New York Flavored Vaping Ban on Hold Due to Lawsuits

By Meiji Rong

NEW YORK—Smoke shop owners are suing New York State for banning the sale of flavored e-cigarettes. The ban was supposed to go into effect on Oct. 4 but is now on ice until New York’s Supreme Court decides its fate.

Vape shop owners say that ban will close their stores. “Business will be affected by about 40 percent,” said Mohammad Muhdasham, from the New York Smoke Shop in Manhattan.

The ban specifically aims to reduce vaping among younger people, who prefer the fruity flavors. About 20 percent of high school students reported using e-cigarettes in 2018, according to the Centers for Disease Control and Prevention, or CDC (pdf).

New York Governor Andrew Cuomo announced the emergency ban last month after a string of mysterious lung injuries caused 26 deaths and damaged lungs in about 1,300 other vapers across the country (as of Oct. 11). The median age of the patients is 24 years old, according to the CDC.

The Mayo Clinic found chemical burns in vapors’ lungs. “It [is] … similar to what one might see with exposures to toxic chemical fumes, poisonous gases and toxic agents,” said Brandon Larsen, a surgical pathologist at Mayo Clinic Arizona, and a national expert in lung pathology.

Larsen said similar injuries cannot be seen in tobacco smokers or in the lungs of a traditional marijuana smoker. He added that what the research just found out is only “the tip of the iceberg.”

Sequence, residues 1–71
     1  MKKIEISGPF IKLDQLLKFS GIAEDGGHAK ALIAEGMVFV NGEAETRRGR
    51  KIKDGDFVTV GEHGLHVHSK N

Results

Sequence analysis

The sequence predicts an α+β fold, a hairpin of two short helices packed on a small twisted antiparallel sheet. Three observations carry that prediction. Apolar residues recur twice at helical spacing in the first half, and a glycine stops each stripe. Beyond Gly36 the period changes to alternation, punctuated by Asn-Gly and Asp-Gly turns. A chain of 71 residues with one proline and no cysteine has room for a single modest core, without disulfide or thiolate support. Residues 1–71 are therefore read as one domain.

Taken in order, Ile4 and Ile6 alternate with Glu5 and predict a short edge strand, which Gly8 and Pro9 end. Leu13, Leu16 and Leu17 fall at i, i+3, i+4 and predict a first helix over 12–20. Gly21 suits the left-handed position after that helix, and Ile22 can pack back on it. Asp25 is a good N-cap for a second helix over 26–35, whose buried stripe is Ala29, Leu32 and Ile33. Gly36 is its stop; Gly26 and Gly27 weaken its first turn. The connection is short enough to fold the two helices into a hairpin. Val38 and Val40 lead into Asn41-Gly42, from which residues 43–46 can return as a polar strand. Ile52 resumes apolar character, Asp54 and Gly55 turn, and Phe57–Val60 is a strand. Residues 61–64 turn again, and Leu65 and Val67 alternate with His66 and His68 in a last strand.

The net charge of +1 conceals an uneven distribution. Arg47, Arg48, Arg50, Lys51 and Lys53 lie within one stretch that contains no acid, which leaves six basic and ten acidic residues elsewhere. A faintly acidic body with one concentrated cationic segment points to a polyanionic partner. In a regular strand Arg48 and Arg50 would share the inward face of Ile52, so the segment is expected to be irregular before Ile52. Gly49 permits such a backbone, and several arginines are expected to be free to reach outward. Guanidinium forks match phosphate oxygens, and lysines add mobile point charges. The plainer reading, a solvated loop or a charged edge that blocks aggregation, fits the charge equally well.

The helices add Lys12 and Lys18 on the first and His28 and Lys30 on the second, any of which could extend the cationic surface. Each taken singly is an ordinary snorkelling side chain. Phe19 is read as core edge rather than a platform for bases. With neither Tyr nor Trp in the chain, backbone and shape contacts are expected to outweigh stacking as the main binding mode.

A Marketing Success

While New York State hopes a ban will reduce vaping among youth, some marketing professionals don’t think the strategy will be very effective.

Allen Adamson, co-founder of Metaforce product consultancy and an adjunct professor at New York University Stern, said that while “the flavor helps it make it seem safer and fun to use, the real power marketing is the product design.”

“This little e-cigarette looking so cool in the hands. … The kids will bring it as fashion,” said Adamson. And because the design itself is such a powerful signal, “whether the flavor is banned will not make a big difference.”

While researchers scramble to understand what’s causing the outbreak of lung injuries, other states are also taking preventative measures. Massachusetts took the strongest action, imposing a four-month ban on the sale of all types of e-cigarettes. The Vapor Technology Association and vape store owners filed a lawsuit to have the ban lifted arguing it would destroy Massachusetts’s $331 million industry and its 2,500 workers (pdf).

Health officials in Pennsylvania and New Jersey have also issued guidelines discouraging consumers from using vaping products.